“Jimmy, use the scaffolding, shoot from it; climb on it, go all over. It’s there for you to use.”
No doubt that the scaffolding offered some very high, very unique angles for shooting, otherwise only obtainable by drone. In addition, Stab had built two cantilevered caged platforms out over the water at the base of the scaffoldings that brought the spectator right into the action—the “Shark Cage”. So close that literally a Monster Energy drink could be exchanged with a contestant mid air, in return for a little aerial spray on your Vans dangled over the side. Definitely not your standard ocean shooting angles.
As mandated, all images below were either shot from the scaffolding or include the scaffolding. And if a scaffolding pole cuts the image in half, distracting from the fluidness of perfectly executed, technical aerials, so be it. The attempt was a metaphor representing the wave pool paradox: the invasiveness of wave pools into our already perfect surf culture; yet on the other hand, illustrating Stab’s foresight, vision, support, and building of a previously unimaginable, exciting new crossover sport and venue.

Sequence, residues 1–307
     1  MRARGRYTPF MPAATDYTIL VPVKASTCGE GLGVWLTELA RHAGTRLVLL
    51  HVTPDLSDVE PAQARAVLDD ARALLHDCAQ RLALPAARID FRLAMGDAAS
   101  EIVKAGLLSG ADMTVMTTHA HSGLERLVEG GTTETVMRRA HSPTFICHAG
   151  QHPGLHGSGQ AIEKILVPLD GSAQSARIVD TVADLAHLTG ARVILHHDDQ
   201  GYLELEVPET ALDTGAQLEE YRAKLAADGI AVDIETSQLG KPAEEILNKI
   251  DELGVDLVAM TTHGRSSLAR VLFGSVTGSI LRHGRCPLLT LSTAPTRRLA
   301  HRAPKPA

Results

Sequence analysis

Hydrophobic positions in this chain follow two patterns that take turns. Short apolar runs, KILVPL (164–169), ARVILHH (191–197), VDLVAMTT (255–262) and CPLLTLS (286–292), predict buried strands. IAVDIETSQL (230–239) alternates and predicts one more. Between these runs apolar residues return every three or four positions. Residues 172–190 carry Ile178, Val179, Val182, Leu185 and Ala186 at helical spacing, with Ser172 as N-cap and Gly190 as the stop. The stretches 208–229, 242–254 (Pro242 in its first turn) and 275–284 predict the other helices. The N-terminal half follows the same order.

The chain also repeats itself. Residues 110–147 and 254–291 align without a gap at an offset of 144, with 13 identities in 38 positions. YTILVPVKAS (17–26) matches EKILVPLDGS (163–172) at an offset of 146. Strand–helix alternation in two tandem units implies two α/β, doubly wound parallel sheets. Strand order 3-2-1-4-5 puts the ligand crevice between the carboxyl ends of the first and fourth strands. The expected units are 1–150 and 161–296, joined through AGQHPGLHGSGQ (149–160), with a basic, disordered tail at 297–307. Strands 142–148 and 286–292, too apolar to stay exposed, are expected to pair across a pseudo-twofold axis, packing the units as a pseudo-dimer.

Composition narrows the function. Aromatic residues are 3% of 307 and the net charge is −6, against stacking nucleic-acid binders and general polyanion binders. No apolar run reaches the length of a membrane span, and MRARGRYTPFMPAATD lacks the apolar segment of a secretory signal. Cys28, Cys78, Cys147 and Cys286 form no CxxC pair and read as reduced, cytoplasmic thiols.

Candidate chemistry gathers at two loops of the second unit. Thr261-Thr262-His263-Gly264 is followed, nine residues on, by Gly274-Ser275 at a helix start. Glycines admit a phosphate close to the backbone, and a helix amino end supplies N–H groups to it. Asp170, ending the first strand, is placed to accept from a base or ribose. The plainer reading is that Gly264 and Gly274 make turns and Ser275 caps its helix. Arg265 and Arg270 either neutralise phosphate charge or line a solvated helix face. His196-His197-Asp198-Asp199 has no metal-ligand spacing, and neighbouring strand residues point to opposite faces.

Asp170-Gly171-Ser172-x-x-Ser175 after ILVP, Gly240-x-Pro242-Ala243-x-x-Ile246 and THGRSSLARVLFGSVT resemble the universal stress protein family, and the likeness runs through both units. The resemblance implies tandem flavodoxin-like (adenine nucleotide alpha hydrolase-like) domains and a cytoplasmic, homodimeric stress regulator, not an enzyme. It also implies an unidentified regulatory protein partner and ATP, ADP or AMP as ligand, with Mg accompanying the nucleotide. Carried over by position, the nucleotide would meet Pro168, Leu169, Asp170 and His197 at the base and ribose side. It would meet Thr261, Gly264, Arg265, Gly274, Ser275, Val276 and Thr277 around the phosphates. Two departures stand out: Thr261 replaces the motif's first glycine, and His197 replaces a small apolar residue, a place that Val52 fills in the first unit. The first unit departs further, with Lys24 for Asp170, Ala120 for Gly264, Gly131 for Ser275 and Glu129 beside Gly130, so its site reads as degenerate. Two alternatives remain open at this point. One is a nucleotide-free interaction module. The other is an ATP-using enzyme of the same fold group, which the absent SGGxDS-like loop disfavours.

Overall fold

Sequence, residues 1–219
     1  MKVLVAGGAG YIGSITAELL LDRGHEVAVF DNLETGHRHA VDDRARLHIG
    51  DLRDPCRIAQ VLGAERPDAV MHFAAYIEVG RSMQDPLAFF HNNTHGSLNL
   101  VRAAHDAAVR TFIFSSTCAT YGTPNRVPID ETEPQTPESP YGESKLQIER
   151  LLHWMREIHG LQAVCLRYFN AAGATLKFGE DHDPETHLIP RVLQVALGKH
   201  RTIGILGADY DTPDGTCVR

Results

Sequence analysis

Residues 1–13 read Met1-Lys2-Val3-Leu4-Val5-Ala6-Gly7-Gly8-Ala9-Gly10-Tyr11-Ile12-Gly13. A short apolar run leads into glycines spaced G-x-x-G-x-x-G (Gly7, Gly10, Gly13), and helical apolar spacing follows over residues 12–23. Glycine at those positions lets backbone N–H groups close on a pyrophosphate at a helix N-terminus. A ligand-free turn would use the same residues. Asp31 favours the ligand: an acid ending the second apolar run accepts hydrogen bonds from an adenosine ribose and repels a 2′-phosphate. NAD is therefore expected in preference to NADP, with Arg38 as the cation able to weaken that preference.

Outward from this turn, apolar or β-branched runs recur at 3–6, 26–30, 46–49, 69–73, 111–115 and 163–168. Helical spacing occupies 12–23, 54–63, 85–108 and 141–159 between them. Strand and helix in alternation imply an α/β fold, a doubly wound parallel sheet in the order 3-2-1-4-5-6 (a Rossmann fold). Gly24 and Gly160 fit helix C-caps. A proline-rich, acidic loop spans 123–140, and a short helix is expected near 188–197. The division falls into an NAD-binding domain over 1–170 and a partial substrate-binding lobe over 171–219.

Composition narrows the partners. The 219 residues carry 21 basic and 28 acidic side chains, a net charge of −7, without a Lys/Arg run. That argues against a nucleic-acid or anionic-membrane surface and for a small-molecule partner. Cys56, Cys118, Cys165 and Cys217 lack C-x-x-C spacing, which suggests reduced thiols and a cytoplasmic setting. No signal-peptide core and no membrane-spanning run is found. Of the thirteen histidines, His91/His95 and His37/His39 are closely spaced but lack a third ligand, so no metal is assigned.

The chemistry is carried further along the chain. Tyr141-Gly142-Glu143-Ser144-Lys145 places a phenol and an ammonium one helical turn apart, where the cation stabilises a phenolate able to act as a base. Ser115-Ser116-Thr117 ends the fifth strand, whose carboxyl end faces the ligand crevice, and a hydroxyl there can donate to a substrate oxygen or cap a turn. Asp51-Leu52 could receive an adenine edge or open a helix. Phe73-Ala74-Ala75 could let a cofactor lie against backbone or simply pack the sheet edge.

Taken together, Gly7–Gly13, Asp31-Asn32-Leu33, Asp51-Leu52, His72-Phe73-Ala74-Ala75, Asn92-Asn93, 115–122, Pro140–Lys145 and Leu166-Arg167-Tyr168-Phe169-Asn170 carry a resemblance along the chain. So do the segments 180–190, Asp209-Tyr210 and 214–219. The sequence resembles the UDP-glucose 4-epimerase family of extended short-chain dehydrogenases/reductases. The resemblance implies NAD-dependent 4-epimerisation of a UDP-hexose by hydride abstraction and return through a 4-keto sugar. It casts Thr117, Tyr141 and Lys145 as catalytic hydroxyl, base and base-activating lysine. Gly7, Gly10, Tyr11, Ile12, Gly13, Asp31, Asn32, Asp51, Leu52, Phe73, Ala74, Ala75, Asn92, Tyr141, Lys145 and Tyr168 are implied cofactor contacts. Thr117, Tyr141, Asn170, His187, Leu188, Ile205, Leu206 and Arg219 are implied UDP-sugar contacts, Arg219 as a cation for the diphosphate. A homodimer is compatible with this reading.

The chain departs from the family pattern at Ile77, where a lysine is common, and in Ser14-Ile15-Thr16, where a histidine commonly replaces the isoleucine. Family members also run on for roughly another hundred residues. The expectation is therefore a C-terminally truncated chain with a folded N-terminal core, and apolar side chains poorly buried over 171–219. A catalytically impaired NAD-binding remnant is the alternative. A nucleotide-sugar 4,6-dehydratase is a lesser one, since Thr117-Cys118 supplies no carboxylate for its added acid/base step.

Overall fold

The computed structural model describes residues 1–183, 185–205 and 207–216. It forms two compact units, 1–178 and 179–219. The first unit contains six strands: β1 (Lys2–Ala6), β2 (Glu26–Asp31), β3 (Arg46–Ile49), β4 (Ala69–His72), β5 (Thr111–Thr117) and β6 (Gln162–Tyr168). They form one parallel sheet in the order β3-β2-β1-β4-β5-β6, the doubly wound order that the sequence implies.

Perhaps no other image illustrates this paradox better than a single unaesthetic scaffolding pole seemingly rising from the water with just a hint of phenom crossover skater/surfer Curren Caples tweaked so linear and vertical on his Lien Crossbone that he is able, at peak frame, to hide behind the 2” vertical pole. Depending on your point of view, it’s either grotesque or insanely cool.
No matter how you feel about wavepools and their recent explosion and proliferation into our surf culture, the first two Stab High events have provided by far the best platform to exhibit, progress, spectate, judge, promote, entertain, shoot, and most importantly support technical aerial surfing at a faster rate than previously obtainable.
Looking forward to Stab High 3.0.
No Short Porch here. Balaram Stack flashing some “Yankee” in the heart of Texas baseball country.
At what point does Bella Kenworthy cease being the daughter of legendary shooter Jason Kenworthy, and Jason Kenworthy becomes the father of legendary surfer Bella Kenworthy?
The snow leopard of surfing. When he shows himself, you make sure your camera is poised and your finger is on the trigger. You may be tempted to just watch in awe, but unlike the unrealistic character Sean O’Connell, you shoot.